Buddhist Fundamentalism?

08/08/2016 11:50 am ET

Asoka Bandarage

There are innumerable accounts in the international media and academia on aggression against religious minorities, especially the Muslims, in the Buddhist majority countries in South and Southeast Asia. They report incitement of violence by ‘militant’ Buddhist monks of the the MaBaTha and the 969 Movement against the Rohingyas in Burma, Thai monks against Muslims in Southern Thailand and the Bodu Bala Sena against Muslims in Sri Lanka. Human rights groups are calling for international responses to Buddhist ‘fundamentalism’, ‘ethnic violence’, and ‘neo-Nazi’ religious nationalism. Western and international Buddhist leaders are urging Buddhists in Theravada Buddhist countries, especially Burma, where there is widespread violence and displacement of Rohingya Muslims, to uphold social pluralism and Buddhist principles of non-violence, mutual respect and compassion.

 

Indeed, aggression and violence of any individual or group towards another must be condemned and stopped. However, one-sided, dualistic depictions of majority aggression and minority victimization further polarization and conflict rather than peace and harmony. The vast majority of monks and lay people in the Buddhist majority countries abhor violence and have lived in mutual harmony and with respect towards other ethnic and religious communities for centuries. A deeper perspective on the religious conflicts in Asian Buddhist countries calls for a balanced investigation of the historical challenges Buddhists have faced and continue to face in maintaining their religious identity and culture.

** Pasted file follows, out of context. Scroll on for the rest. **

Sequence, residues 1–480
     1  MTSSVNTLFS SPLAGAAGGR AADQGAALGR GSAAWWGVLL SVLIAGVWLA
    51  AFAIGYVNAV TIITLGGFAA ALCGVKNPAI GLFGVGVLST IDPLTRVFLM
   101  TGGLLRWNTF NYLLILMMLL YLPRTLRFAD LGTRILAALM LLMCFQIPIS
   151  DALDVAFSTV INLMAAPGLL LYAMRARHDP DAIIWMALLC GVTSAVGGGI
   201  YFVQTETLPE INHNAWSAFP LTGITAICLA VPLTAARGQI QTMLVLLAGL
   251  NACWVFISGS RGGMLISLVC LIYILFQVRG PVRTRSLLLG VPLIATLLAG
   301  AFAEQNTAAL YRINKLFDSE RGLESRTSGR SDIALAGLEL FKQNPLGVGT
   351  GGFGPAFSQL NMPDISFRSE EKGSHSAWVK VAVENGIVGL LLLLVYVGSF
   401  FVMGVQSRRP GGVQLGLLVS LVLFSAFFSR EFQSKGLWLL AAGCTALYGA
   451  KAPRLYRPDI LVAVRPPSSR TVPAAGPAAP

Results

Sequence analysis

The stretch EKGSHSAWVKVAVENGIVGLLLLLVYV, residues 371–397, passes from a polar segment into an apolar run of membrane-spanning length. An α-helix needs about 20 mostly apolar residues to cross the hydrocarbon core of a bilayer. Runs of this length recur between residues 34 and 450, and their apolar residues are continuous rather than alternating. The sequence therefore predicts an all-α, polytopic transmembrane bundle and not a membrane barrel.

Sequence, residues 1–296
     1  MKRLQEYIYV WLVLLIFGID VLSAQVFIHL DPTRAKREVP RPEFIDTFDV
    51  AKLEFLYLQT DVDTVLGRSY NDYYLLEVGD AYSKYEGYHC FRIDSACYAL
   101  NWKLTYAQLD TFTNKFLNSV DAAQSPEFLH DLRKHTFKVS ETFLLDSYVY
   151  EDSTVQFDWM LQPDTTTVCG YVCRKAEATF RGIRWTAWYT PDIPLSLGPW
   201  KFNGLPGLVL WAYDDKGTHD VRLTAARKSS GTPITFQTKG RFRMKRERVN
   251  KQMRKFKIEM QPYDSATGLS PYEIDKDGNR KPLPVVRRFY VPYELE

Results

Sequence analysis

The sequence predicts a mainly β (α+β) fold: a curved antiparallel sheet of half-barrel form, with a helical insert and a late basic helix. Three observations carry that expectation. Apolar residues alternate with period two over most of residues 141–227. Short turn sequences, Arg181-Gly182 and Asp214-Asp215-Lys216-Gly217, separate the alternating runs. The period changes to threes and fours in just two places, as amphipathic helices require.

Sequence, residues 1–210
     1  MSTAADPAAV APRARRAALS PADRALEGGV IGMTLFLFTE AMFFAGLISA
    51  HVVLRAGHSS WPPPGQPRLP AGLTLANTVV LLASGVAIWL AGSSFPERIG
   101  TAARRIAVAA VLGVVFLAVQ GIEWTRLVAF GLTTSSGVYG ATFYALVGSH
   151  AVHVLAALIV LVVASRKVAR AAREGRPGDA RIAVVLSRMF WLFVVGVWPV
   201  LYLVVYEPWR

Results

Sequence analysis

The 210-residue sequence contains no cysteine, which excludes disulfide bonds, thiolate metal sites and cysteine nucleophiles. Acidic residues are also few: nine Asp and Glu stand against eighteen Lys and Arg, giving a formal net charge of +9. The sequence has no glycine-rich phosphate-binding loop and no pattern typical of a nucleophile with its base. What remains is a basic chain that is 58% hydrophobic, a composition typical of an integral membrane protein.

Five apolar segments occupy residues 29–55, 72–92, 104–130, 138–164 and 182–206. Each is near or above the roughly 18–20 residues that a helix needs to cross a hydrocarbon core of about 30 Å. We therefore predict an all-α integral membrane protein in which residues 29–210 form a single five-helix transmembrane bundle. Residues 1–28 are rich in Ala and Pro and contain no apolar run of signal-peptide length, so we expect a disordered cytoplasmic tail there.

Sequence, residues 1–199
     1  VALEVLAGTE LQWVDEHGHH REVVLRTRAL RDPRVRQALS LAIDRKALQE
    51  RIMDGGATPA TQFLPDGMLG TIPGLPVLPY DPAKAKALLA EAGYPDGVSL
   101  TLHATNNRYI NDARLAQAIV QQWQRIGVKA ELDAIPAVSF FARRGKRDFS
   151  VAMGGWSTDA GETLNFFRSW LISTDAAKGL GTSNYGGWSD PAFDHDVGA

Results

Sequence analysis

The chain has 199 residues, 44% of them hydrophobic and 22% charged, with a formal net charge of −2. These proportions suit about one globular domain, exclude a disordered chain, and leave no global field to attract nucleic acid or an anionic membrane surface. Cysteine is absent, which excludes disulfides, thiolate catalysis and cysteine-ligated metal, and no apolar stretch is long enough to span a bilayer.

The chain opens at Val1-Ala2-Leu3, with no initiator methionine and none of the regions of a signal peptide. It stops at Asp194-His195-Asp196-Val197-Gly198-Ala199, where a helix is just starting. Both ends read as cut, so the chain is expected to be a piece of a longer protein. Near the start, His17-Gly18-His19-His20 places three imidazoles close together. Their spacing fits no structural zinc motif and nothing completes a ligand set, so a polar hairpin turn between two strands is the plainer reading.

Buddhism which had its origin in 5 BC in India disappeared from the country of its origin due to internal dissension, revival of Brahmanism and Islamic invasions. The destruction of the great Buddhist University at Nalanda by Muslim invaders in 12 AD signified the demise of Buddhism in India. Other Buddhist societies like the Maldives and Indonesia also experienced decimation of their Buddhist cultures due to Islamic conquest. The process of violent Islamization continues to date as in the Chittagong Hill Tracts in Bangladesh where the Buddhist tribal communities are facing religious persecution and cultural destruction.  The destruction of the Bamian Buddha statutes in Afghanistan in 2001 received international condemnation but the bombings in Bodh Gaya at the seat of the Buddha’s enlightenment in July 2013 by Muslim extremists allegedly revenging for the violence against the Rohingyas in Burma, received scarce attention.

 

As Buddhism began to be wiped out of India the challenge of safeguarding the Buddha’s teaching and Buddhist culture was taken up by the neighboring countries. Support from the state and the monarchy was crucial for the peaceful acceptance, spread and survival of Buddhism in these lands. Buddhist monks made great sacrifices to preserve the Buddha’s teachings for posterity and safeguard Buddhist cultures against internal and external forces of destruction. The Tripitaka, the Pali Canon, was first written down by Buddhist monks in Sri Lanka in 1 BC. The vinaya monastic disciplinary code, vipassana insight meditation and other aspects of Buddhist teaching were passed down with difficulty from teacher to teacher in Sri Lanka, Burma, Thailand and other Asian countries. These sacrifices have made the Buddha’s universal teachings readily available to the international community today.

 

The arrival of European colonizers since the 15th century halted the Islamization of India and the Buddhist countries of Asia. However, during British colonial rule and Christian proselytization, Buddhist monastic education and Buddhist culture lost their traditional state patronage in Sri Lanka and Burma (Thailand escaped western colonization). With the arrival of Hindu and Muslim immigrant groups from India into Burma and Sri Lanka during the colonial period, Buddhist communities became further marginalized economically and politically. Many monks, like many lay people who participated in nationalist resistance and struggles for democracy including the recent ‘Saffron Revolution’ in 2007 against the military regime in Burma, lost their lives in the process. These divergent developments laid the basis for the emergence of current grievances and ethno-religious conflicts.